Cornel West's Response to Michael Eric Dyson is Pathetic

If this is West's final response in the ugly war he started, it is a fitting one for a man who no longer takes himself seriously.
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Ben Cohen
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If this is West's final response in the ugly war he started, it is a fitting one for a man who no longer takes himself seriously.
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Part of Michael Eric Dyson's searing critique of former friend Cornel West was that his old mentor no longer had the intellectual chops to be taken seriously. Dyson wrote:

It is not only that West’s preoccupations with Obama’s perceived failures distracted him, though that is true; more accurate would be to say that the last several years revealed West’s paucity of serious and fresh intellectual work, a trend far longer in the making. West is still a Man of Ideas, but those ideas today are a vain and unimaginative repackaging of his earlier hits. He hasn’t published without aid of a co-writer a single scholarly book since Keeping Faith, which appeared in 1993, the same year as Race Matters. West has repeatedly tried to recapture the glory of that slim classic by imitating the 1960s-era rhythm and blues singers he loves so much: Make another song that sounds just like the one that topped the charts. In 2004, West published Democracy Matters, an obvious recycling of both the title and themes of his work a decade earlier. It was his biggest seller since Race Matters.

As if trying to make Dyson's point for him, West took to facebook yesterday to pen a half hearted response that did virtually nothing to address Dyson's points. He wrote:

The escalating deaths and sufferings in Black and poor America and the marvelous new militancy in our Ferguson moment should compel us to focus on what really matters: The life and death issues of police murders, poverty, mass incarceration, drones, TPP (unjust trade policies), vast surveillance, decrepit schools, unemployment, Wall Street power, Israeli occupation of Palestinians, Dalit resistance in India, and ecological catastrophe.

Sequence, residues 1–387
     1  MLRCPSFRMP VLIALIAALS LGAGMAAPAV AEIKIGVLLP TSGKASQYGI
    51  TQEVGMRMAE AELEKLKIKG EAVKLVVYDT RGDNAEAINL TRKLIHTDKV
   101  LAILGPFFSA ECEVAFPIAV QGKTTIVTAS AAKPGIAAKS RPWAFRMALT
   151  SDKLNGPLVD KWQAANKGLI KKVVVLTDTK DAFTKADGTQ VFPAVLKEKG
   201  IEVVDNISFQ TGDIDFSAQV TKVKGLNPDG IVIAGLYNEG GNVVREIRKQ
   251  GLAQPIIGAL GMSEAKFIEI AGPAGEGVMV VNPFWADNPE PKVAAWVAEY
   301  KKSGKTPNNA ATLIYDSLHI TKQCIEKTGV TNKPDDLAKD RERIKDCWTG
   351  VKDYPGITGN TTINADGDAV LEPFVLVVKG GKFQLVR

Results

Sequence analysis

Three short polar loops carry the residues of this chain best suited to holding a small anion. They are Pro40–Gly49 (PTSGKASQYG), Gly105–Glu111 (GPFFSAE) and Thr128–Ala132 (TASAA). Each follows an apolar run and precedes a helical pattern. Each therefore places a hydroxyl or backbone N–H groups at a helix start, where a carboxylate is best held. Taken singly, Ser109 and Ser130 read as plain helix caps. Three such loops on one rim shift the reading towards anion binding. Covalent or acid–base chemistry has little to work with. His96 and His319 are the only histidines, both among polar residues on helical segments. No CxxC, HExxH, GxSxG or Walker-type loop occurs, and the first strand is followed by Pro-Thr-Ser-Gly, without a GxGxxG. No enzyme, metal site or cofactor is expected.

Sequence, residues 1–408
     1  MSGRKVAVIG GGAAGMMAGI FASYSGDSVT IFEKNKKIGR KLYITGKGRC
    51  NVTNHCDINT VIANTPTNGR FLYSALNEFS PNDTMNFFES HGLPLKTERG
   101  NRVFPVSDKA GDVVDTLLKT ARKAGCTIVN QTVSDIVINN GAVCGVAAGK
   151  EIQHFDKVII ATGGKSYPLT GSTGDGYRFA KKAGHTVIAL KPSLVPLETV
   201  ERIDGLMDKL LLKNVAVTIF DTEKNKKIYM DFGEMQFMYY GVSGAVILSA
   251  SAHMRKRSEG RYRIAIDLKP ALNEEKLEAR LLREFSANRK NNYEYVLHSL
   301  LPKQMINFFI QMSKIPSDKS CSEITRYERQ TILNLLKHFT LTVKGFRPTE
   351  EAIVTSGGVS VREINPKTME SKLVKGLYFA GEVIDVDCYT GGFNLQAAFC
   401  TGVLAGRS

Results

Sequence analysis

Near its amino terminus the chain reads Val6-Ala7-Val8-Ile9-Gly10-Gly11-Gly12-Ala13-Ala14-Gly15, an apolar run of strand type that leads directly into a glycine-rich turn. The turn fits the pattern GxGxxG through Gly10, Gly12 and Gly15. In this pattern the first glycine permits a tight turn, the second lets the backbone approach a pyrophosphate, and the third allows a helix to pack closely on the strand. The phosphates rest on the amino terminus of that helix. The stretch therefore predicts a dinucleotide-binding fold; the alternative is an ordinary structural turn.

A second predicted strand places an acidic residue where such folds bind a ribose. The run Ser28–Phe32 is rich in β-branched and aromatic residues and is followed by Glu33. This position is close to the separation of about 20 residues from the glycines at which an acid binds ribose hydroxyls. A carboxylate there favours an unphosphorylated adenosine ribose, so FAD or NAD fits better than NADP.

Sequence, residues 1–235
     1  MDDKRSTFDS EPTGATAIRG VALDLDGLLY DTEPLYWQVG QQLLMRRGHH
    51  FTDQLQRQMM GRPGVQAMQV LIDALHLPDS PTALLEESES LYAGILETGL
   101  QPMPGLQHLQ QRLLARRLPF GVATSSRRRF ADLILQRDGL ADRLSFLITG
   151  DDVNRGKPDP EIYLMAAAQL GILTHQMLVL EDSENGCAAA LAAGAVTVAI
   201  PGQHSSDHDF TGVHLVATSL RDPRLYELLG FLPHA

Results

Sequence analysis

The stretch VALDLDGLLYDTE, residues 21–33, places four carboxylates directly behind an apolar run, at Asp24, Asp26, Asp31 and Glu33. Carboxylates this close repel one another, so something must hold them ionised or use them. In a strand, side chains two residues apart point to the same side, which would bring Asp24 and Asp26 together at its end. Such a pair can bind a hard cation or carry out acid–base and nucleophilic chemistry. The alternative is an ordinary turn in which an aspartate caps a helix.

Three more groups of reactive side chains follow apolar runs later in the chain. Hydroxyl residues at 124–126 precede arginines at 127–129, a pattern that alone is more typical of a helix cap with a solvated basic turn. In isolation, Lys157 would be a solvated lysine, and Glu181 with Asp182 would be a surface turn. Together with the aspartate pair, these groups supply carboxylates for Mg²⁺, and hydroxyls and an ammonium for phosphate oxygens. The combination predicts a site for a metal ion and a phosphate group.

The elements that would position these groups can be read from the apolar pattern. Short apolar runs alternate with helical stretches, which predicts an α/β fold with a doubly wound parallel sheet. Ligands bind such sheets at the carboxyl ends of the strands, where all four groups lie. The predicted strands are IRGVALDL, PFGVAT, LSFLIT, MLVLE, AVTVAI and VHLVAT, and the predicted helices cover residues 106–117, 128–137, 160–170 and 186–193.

Character assassination is the refuge of those who hide and conceal these issues in order to rationalize their own allegiance to the status quo. I am neither a saint nor prophet, but I am a Jesus-loving free Black man in a Great Tradition who intends to be faithful unto death in telling the truth and bearing witness to justice. I am not beholden to any administration, political party, TV channel or financial sponsor because loving suffering and struggling peoples is my point of reference. Deep integrity must trump cheap popularity. Nothing will stop or distract my work and witness, even as I learn from others and try not to hurt others.

But to pursue truth and justice is to live dangerously. In the spirit of John Coltrane’s LOVE SUPREME, let us focus on what really matters: the issues, policies, and realities that affect precious everyday people catching hell and how we can resist the lies and crimes of the status quo!

West is of course right that there are far more important issues than spats between intellectuals, and the issues he outlines really should compel us to focus on what really matters. Incredibly though, he has the gall to talk about character assassination - a truly breathtaking accusation from a man who has called those he disagrees with 'prostitutes', 'bootlickers', 'house negroes', and inferred that the president is akin to a slave owner. If West believes that these astonishingly offensive insults does anything to help us 'focus on what really matter's', he clearly hasn't studied the great leaders he so often speaks about. When did Jesus Christ or Martin Luther King engage in vicious name calling or use language to separate people instead of attempting reconciliation? Perhaps West sees himself as more of a Malcolm X figure, although he appears to be following Malcolm's spiritual evolution in reverse. As Malcolm aged, he became less divisive, less angry and less obsessed with race. West, it seems, has become more angry, more divisive and more obsessed with race.

If this is West's final response in the ugly war he started, it is a fitting one for a man who no longer takes himself seriously. To borrow Dyson's boxing analogy, West took on a fighter he had no business being in the ring with and is paying the price for his folly. After convincingly beating Muhammed Ali in Madison Square Garden in 1971, the great Joe Frazier said of his opponent: “His mouth made him feel like he was gonna win. Not his hands, I had my hand. He had his lips.”

Ali came back from his beating to recapture the heavyweight title and go on to be one of the greatest fighters of all time. Perhaps West can do the same and be done with this ugly manifestation of his ego. But for now we must wait for the once great thinker to return.

RELATED: Eric Dyson is Right About Cornel West and His Ugly Demise